Article contributed by: Amanda Steinberg, B.Sc, P. Dt. Co-founder and director of openspace clinic
You feel bored, stressed out, and have too much time on your hands. You take a few steps to your kitchen and search for something to soothe you. Leftover black bean brownies? Veggie Straws? Cold cauliflower gnocchi?
Learning to be more responsive than reactive to your snacking stimulus will keep your mind calm and body healthy.
Emotional eating triggers conduct that will divert you from your new or existing healthy behaviours.
This can be averted by having a few good strategies on hand.
- Be accepting of your situation. COVID-19 is no joke, we are all trying to do our part, but isolation is hard! Allow yourself to feel the emotions that come up and give them a vehicle to pass through. This vehicle can be Facetiming a friend, burning sage, going for a walk, listening to a podcast or doing whatever you do, to let go.
- Avoid judging yourself. Self criticism can lead to discomfort which may lead to more (not less!) emotional eating.
- Take 5 minutes before you bring the food to your lips. Be mindful when eating. Take the time to set a placemat on the table, put a napkin on your lap, pour a glass of water and eliminate any distractions like your phone or computer. Just be with your food. Mindful eating doesn’t have to include counting your chews but it could be tasting your food and noticing it’s texture and flavour. Eating mindfully allows for better digestion of food by decreasing the amount of air we take in, chewing properly and allowing the brain to be involved in the process of digestion.
- Have the right foods on hand. Fiber from fruits, vegetables, whole grains, seeds and legumes goes a long way. Keep your vegetables and fruits stocked (not hoarded, just stocked). Wash, dry and cut your vegetables and fruits into ready to eat portions (keep the peels ON). Store these goodies in perforated containers or bags for best storage practice. This will help you make a better choice when you open your fridge but also help you get in your 5 cups of raw vegetables per day. Yup! 5 cups. Having ready-to-go produce will encourage you to grab it when you see it, but also add to your meal when you are unmotivated or tired to cook. And, bonus, fiber helps you stay full for a longer amount of time. My favourites are Dandelion greens, cabbage, radishes, red peppers, parsnips, carrots, endive, fennel, onions, cucumber, celery, apples, pears, guava, berries, pineapple, papaya.
- Sprout your legumes and grains. Soaking your legumes and grains releases phytase, an enzyme that breaks down phytic acid and allows for us to digest the minerals in these superfoods! You can further augment your nutritional intake by sprouting your legumes and grains. DIY sprouting is easy but be careful to follow proper instructions to avoid mold and spoilage. When you pass your kitchen counter, you might be more intrigued by the germination going on than the new flavour of coconut yogurt you were just about to try!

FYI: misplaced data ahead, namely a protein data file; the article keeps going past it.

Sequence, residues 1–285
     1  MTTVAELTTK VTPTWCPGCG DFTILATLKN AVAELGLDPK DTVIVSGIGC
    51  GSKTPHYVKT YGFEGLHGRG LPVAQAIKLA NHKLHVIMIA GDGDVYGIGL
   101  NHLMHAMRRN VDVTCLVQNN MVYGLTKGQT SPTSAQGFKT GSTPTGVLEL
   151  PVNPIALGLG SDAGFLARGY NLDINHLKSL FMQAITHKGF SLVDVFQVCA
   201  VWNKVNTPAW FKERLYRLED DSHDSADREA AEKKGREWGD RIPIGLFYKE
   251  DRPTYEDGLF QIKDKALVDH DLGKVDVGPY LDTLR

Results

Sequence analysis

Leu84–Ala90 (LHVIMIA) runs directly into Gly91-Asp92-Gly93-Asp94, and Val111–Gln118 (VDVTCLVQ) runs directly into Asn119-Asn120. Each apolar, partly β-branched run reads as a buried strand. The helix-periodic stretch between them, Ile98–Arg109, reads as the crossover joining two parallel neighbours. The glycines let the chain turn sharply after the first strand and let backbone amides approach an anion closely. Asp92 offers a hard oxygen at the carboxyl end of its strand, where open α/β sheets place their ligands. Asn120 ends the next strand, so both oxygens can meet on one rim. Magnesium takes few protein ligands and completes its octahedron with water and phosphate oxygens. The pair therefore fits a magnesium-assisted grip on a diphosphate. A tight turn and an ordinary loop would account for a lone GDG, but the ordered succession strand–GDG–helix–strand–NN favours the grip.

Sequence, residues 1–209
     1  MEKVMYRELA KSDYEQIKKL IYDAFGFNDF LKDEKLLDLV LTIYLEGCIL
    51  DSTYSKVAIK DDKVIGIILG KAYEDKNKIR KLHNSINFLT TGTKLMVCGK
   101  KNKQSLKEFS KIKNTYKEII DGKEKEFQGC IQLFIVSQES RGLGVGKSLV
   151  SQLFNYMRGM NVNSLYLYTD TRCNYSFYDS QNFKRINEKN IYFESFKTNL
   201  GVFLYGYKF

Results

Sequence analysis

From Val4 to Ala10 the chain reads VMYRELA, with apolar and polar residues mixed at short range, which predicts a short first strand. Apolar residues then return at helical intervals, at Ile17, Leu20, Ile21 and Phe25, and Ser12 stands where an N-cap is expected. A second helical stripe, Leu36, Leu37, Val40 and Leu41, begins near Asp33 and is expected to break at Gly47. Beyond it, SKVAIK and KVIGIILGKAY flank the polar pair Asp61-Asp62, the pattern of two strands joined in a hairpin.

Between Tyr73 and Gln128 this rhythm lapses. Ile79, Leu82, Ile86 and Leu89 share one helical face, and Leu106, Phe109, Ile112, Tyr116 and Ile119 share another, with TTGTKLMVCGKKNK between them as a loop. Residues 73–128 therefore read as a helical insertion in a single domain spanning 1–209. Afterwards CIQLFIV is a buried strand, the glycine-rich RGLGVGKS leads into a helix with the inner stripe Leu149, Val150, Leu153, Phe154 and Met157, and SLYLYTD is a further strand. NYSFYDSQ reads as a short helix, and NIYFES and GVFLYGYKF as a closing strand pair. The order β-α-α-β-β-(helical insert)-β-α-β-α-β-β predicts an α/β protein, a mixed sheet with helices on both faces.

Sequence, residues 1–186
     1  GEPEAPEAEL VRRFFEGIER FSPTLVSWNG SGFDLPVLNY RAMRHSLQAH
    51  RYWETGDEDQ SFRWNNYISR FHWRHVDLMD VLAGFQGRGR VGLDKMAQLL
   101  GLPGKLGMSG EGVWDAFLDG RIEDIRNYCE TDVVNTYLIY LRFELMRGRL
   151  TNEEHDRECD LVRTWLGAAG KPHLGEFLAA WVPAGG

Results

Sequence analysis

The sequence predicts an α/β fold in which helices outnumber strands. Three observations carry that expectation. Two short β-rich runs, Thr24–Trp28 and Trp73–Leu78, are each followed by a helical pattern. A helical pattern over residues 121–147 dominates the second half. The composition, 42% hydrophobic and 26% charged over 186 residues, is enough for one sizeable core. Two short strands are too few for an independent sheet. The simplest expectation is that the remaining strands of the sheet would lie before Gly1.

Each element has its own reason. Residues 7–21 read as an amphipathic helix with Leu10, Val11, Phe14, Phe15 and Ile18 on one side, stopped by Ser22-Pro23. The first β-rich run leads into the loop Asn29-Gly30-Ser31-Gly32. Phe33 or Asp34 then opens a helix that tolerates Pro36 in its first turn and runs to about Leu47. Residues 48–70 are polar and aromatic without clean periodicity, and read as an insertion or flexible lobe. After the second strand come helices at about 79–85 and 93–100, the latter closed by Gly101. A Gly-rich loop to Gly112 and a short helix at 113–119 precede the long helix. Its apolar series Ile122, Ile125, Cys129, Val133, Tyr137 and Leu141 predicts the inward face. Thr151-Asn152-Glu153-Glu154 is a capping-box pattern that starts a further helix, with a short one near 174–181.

- Buy or make bone broth. Chicken, meat, fish, ox, beef or pork, any of these will provide you with a healthy dose of collagen to nourish the cells of your colon and improve your digestion and immunity.
- Drink tea. Hydration is important, drinking tea can help manage your weight and food intake. Colder months call for warming teas that increase your internal heat. The more oxidized the tea, the darker the colour and the warmer in nature. Black tea, the warmest of all can be taken a few times a day. Jasmine, ginger or mint green tea are also good choices as the warming flavours will help balance the cooling property of the green tea. Herbs and spices with spicy and hot tastes will warm your body. Ginger (also great for digestion and menstrual cramps), cinnamon (insulin, your ‘storage hormone’, regulator), ginseng (immunity supporter) are some suggestions. Mushroom elixirs can also be brewed, but care needs to be taken with these adaptogens. They are powerful and should be used for a short period of time. Start your day with an english breakfast tea, cinnamon tea in the afternoon, ginger tea after dinner and maybe a reishi elixir in the evening.
- Avoid processed foods, and especially ultra-processed foods. Processed foods are foods that have had minimal changes done, like oat milk or natural peanut butter. While ultra processed food products are made mostly from sugar, salt or fat. I’m calling you out, Breakfast Bar! Eat whole foods. Focus on foods that come from the ground, bush or tree. Anything in a box should be appraised for its’ nutritional value or time saving worthiness. Avoid additives, artificial colours and natural flavours.
- Avoid hummus, the snacking gateway… I am all for the prodigious chickpea but not when you’re elbow deep in the dip, using your rice cracker as a shovel, then reaching for the cheese and cold cuts.
- Maintain a normal eating pattern, 3 meals a day, and keep some reasonable snacks on hand. Make air popped popcorn, natural unsalted seeds, frozen grapes and mango easily accessible but attach them to mealtime and take a 5 hour break between meals.
- Chewing gum was the brainchild of the 80’s to combat cravings. But it’s 2020 now! Gum signals the body for digestion stimulating acid production, hormone and enzyme cascades, ultimately making you more hungry. Try mint essential oil instead. A monumental tool to combat strong appetite and low mood. Take a drop in your hands, rub hands swiftly, cup hands together, bring up to your nose and breathe deeply through your nostrils. You’re welcome.
Your good food habits will foster your health and vitality. You can be the champion of your strength with a few simple changes to your nibbling habits. Do your best, small actions invariably generate long lasting results. May your cheeks stay rosy, your belly sated and your mind peaceful. You’ve got this!